Rethinking Eroticism

The word “erotic” is often narrowed to speak solely to sex, but has a much more robust and creative meaning. We consider psychotherapist Esther Perel’s definition, and explore what eroticism can really look like.

With September being Sexual Health Month, a lot of conversations are happening in which the word “erotic” is closely associated with our sexual lives and experiences. But although eroticism may seem solely sexual in nature, the word has a much more robust and creative meaning. Psychotherapist and New York Times bestselling author Esther Perel defines eroticism as “the qualities of vitality, curiosity, and spontaneity that make us feel alive.” Eroticism has a lot to do with curiosity, and the many ways we find excitement, cultivate pleasure, and bring adventure into our lives.

If you’ve ever traveled to a new place and felt alive simply by exploring the streets, you’ve experienced eroticism first hand. But, in the midst of our everyday routines and responsibilities, it can be easy to lose touch with this feeling of excitement. The key to accessing eroticism is in first believing we are deserving and in the choice to be both curious and open. 

Flipping the Script
Despite eroticism typically being tied to a relationship between two people, it’s something we can experience on an individual level, whether or not we are involved in romantic partnerships. It starts with something Perel describes as “owning the wanting,” a sentiment that involves feeling worthy of wanting and receiving. Eroticism and desire are deeply tied to self-worth, and we have to begin to shift the narrative in our heads to one that centers us as deserving. We deserve to experience pleasure, and we deserve to experience pleasure whether or not it involves another person.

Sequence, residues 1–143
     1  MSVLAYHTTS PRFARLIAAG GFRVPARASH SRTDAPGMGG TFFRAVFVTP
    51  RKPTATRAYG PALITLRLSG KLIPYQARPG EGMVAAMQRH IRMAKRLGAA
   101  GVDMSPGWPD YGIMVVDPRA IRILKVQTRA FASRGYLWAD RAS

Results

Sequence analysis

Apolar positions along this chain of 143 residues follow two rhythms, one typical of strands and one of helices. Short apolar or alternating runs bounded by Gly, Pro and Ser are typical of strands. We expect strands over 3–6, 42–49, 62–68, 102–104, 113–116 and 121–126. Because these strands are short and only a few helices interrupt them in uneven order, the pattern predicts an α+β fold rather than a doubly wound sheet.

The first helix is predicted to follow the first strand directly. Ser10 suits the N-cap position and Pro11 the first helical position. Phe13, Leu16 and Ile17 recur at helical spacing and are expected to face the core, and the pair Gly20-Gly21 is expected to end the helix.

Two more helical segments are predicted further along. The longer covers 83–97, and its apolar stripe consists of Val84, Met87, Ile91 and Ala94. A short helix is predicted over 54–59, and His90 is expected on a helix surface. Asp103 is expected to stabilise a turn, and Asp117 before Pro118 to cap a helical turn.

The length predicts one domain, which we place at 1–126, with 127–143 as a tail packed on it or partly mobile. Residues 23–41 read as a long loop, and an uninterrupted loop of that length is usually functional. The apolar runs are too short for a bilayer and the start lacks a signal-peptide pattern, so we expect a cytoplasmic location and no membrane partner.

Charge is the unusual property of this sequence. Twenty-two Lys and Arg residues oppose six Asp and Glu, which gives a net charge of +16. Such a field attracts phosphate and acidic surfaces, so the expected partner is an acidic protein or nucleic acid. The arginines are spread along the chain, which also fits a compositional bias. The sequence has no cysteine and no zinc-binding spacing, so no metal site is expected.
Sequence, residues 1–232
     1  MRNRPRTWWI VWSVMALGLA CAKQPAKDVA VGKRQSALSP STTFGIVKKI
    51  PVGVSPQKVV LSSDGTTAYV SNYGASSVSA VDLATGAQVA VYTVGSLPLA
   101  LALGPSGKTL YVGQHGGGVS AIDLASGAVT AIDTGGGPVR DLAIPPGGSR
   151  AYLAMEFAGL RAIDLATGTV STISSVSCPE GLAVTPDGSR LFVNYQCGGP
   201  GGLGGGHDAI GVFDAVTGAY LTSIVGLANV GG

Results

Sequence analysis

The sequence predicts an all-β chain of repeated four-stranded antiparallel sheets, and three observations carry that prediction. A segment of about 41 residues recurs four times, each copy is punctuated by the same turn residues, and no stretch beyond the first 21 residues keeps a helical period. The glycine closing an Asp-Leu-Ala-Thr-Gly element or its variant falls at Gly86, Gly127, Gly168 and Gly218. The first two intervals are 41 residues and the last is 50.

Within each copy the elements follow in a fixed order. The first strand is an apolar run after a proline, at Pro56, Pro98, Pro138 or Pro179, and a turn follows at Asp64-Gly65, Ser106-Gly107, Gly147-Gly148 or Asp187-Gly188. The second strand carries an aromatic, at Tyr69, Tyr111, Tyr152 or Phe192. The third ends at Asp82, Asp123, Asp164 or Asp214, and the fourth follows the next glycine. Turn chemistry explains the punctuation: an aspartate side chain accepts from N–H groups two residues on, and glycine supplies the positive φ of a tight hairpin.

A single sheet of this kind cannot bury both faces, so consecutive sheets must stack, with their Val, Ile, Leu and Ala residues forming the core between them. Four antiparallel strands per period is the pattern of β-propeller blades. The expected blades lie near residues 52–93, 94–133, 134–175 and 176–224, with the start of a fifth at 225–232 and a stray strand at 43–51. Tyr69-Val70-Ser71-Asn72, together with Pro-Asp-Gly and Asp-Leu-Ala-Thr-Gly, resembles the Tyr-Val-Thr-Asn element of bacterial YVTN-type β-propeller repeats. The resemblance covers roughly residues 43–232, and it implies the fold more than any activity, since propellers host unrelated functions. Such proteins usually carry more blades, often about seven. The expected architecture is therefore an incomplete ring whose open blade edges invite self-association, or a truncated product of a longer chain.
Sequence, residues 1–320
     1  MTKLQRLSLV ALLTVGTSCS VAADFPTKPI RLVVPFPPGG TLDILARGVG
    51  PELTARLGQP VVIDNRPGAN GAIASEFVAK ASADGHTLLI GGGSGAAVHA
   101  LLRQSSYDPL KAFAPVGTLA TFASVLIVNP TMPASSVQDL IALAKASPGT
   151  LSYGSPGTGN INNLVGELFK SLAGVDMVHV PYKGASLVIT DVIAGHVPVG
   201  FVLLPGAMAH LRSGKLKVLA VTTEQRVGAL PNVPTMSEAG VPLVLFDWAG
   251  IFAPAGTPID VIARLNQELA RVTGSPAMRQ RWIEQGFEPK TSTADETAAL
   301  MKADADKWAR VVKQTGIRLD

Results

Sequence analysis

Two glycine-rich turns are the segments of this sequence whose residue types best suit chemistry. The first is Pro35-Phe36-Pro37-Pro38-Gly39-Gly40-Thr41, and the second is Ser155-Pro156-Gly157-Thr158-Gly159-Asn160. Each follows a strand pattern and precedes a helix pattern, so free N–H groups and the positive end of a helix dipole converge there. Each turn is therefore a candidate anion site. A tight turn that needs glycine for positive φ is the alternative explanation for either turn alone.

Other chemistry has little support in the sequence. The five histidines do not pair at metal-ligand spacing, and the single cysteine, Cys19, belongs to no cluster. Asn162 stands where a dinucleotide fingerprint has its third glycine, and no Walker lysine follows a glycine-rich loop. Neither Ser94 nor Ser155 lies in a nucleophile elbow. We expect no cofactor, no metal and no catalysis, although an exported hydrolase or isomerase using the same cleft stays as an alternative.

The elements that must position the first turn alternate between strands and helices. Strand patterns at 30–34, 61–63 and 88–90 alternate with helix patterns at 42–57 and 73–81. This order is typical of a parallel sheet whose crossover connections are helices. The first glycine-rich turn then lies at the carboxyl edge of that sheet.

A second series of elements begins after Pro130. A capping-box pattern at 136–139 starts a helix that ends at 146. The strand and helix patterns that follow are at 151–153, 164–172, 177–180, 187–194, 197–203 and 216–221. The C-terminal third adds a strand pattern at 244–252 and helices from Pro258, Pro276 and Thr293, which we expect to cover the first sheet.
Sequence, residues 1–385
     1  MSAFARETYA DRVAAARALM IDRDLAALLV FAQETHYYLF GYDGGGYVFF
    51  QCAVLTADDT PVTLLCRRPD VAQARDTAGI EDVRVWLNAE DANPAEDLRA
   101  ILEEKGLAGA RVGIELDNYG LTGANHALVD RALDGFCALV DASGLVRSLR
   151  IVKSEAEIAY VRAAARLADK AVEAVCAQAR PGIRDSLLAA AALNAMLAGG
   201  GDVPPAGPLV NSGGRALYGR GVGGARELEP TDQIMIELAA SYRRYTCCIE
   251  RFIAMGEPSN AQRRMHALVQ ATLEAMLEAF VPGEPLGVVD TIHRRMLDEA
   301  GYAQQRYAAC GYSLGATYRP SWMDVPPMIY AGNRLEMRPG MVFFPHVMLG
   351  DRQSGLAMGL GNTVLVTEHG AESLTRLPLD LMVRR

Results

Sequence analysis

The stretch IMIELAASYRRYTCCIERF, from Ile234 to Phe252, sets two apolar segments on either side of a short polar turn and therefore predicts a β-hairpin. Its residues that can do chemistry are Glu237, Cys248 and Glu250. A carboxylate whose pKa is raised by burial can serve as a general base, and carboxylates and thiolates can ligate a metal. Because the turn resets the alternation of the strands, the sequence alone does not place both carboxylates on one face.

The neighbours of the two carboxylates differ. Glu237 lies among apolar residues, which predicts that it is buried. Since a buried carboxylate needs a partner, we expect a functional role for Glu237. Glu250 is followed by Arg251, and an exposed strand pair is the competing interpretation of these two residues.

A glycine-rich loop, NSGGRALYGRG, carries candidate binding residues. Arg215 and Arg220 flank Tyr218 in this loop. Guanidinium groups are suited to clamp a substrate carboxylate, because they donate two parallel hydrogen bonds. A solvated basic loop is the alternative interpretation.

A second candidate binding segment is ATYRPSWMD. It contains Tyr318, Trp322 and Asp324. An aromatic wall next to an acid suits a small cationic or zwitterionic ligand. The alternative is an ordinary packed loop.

Choosing Curiosity 
So...how do we access eroticism? It’s all about being open to the world (and the people) around us. On an individual level, making eroticism a part of a self-care routine can look like trying a new restaurant, visiting a new place, making time for an old friend, exploring your body and what you like and dislike, or practicing yoga or meditation. Perel recommends completing the sentences “I turn myself on when…” and “I turn myself off when…” and thinking about these sentences in terms beyond just sex. Anything that zaps or boosts your energy can qualify, and something like going for a walk or dancing may fit into the definition of what turns you on. 

When it comes to sparking erocitism within a relationship, curiosity is super important. We can lose that feeling of excitement in our relationships, especially when we choose to view our partners as people we know entirely, people who exist as both predictable and familiar. Instead, choosing to view our partners as people we are curious about creates space for continued interest and mystery. We can never fully know our partners, and embracing that and the unknown can shift our perspectives of the people we love. 

There is so much to gain when we choose to view eroticism outside of its limiting association with sex. Our desire is vast, as are the possibilities we have to truly feel alive in this life, and taking the time to cultivate pleasure can help us have a powerful and meaningful relationship with the world. 


This editorial article deeply considers the work of Psychotherapist and New York Times bestselling author Esther Perel, whose concepts of eroticism and erotic intelligence are reflected here. Learn more about Esther and her work at www.estherperel.com